By Katie Reilly
Updated: December 12, 2018 5:07 PM ET

Michael Cohen, the former longtime personal lawyer of President Donald Trump, was sentenced to three years in federal prison on Wednesday, taking a parting shot at the President after implicating him in hush money payments to two women over alleged affairs with Trump.

“It was my blind loyalty to this man that led me to take a path of darkness instead of light,” Cohen said in court, the Associated Press reported. “I felt it was my duty to cover up his dirty deeds.” Cohen said he had been “living in a personal and mental incarceration” since starting to work for Trump, the New York Times reported.

But U.S. District Judge William H. Pauley III said a tough sentence was warranted because “as a lawyer, Mr. Cohen should have known better.”

In August, Cohen pleaded guilty to tax evasion, campaign finance violations and making false financial statements — charges brought by prosecutors in New York’s Southern District. Cohen admitted that he worked at the direction of Trump to pay former Playboy model Karen McDougal and adult film star Stormy Daniels to keep quiet about their alleged affairs with Trump — which Cohen said was an effort to influence the 2016 election.

The U.S. Attorney’s Office for the Southern District of New York also announced a previously reached non-prosecution agreement with the parent company of the National Enquirer, American Media, Inc., which admitted to paying McDougal $150,000 “in concert with a candidate’s presidential campaign.” Before the 2016 election, the National Enquirer agreed to pay McDougal $150,000 for her story about the alleged affair, and then did not publish it. But AMI previously denied that the payment was intended to kill a story that could damage Trump.

On Wednesday, prosecutors announced AMI had admitted otherwise, saying “its principal purpose in making the payment was to suppress the woman’s story so as to prevent it from influencing the election.”

That admission could create more challenges for Trump, who has denied the affairs and denied that the payments were campaign contributions.

“What it tells me from this distance is they are really focused on the President and his potential liability for the campaign finance violations,” says Elie Honig, a former assistant U.S. Attorney in the Southern District. “If Donald Trump wasn’t the President of the United States, I would take one look at this and say, they’re circling the wagons around this guy. They’re going after this guy.”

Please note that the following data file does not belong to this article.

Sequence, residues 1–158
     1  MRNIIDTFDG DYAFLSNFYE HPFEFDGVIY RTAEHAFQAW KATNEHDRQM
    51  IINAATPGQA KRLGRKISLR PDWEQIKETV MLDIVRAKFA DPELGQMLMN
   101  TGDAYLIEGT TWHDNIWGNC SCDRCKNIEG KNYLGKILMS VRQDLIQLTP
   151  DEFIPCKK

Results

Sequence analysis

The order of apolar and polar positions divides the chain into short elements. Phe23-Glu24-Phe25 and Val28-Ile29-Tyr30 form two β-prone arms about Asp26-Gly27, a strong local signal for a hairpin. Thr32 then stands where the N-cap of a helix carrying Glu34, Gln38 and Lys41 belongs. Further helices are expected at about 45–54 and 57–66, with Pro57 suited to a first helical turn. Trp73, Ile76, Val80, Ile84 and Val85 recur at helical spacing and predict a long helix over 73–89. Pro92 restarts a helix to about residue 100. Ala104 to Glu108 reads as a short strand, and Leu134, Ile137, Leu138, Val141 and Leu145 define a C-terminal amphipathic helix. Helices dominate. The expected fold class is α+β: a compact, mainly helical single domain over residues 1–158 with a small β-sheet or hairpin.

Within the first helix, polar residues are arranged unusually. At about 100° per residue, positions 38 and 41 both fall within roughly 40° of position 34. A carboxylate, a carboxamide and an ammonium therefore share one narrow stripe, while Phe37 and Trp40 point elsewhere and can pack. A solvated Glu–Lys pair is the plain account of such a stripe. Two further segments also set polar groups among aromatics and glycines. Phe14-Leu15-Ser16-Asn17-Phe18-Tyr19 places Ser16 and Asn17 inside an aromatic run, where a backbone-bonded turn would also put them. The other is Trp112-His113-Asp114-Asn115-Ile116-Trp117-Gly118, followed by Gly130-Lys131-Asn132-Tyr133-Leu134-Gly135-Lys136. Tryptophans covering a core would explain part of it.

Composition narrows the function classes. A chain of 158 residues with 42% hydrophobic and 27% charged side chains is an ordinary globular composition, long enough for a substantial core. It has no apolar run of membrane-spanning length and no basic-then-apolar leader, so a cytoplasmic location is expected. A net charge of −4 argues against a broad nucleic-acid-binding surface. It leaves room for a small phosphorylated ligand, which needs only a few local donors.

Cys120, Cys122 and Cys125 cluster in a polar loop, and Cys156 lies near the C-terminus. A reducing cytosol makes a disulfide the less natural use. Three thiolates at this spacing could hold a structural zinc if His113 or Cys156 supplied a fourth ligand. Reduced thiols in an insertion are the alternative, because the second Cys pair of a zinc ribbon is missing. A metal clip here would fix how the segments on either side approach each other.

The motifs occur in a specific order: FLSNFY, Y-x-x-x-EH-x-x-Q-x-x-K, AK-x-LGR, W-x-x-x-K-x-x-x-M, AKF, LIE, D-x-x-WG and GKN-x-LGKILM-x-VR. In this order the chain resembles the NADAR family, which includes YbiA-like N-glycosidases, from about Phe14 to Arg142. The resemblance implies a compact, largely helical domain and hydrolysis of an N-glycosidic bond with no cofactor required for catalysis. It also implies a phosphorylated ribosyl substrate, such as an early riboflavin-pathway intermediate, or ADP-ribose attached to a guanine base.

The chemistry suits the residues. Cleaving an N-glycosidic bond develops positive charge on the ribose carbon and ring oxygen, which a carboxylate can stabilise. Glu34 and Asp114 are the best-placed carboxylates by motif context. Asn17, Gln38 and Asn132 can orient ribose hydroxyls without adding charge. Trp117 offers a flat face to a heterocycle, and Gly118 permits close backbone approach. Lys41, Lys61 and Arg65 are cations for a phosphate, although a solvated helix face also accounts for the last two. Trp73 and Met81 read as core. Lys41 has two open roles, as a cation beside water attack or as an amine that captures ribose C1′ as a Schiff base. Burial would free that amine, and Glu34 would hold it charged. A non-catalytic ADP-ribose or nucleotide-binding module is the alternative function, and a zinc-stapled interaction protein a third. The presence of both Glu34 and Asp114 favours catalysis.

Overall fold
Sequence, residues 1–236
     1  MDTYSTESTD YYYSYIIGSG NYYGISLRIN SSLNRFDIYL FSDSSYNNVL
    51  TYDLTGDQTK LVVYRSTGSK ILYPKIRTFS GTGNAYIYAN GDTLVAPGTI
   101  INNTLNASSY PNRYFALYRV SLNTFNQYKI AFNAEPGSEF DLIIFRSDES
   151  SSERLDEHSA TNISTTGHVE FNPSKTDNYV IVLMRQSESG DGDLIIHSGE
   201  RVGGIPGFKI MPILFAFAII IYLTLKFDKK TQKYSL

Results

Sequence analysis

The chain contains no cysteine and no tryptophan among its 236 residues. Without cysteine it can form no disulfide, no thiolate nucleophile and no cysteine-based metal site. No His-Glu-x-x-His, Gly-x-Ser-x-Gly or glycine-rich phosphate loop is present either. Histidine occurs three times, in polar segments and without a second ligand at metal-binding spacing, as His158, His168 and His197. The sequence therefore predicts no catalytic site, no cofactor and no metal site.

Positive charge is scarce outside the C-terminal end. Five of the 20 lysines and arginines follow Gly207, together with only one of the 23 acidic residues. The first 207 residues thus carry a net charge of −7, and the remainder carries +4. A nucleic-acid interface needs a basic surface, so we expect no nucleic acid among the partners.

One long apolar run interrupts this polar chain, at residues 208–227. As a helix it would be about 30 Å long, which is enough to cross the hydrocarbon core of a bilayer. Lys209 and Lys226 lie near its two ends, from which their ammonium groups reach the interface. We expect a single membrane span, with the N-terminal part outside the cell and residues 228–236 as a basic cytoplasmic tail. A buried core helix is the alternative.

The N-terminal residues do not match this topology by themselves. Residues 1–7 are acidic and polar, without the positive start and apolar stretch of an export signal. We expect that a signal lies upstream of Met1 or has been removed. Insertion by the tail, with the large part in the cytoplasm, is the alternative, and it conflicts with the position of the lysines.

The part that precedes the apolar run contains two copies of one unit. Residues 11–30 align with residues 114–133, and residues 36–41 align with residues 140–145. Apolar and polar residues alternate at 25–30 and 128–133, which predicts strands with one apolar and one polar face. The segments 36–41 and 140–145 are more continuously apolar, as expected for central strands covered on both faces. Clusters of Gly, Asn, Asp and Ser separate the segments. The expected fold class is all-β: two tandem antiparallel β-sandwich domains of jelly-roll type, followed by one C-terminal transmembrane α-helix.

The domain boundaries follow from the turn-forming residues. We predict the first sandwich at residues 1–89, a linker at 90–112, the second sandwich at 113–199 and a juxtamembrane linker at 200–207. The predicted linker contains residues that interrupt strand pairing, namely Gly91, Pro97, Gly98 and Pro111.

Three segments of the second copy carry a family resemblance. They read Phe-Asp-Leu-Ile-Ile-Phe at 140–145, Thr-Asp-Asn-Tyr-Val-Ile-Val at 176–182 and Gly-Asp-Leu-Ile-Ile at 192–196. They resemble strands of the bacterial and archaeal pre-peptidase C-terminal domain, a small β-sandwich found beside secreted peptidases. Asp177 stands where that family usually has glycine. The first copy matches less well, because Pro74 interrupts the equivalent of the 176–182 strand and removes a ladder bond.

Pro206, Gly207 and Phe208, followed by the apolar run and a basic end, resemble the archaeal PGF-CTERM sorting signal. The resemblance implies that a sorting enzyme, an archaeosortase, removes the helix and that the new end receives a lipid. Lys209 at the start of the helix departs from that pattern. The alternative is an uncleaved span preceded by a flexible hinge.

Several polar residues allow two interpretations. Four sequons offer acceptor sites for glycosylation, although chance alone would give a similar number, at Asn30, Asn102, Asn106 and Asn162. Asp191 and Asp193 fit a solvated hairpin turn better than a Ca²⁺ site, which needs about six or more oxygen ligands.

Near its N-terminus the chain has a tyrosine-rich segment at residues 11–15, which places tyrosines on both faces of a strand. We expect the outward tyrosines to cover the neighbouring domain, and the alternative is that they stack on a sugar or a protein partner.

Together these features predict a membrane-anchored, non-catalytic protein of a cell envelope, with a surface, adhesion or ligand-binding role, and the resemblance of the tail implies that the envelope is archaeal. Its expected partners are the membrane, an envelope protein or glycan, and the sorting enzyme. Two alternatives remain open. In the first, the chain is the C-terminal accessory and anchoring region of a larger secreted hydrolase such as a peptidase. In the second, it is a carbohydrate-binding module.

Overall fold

Under existing Department of Justice policy, the President cannot be indicted.

“I think this is bad news for Trump and his associates because it shows that there is a witness. Cohen was not a cooperating witness, but AMI is cooperating,” says Harry Sandick, also a former federal prosector in the district. “The Southern District is not yet finished investigating this particular cluster of crimes.”

Cohen’s sentence aligns with the sentence of about three and a half years that prosecutors had recommended in a filing on Friday.

In a separate case, Cohen pleaded guilty last month to lying to Congress in 2017 about the timing and details of his work on a since-abandoned project to build a Trump tower in Russia. That charge was brought by Special Counsel Robert Mueller as part of his investigation into Russian interference in the 2016 presidential election.

Cohen received a two-month concurrent sentence in that case, which Mueller had recommended in his own filing on Friday, crediting Cohen for providing “credible and consistent” information in cooperation with the Russia investigation.

Write to Katie Reilly at Katie.Reilly@time.com.

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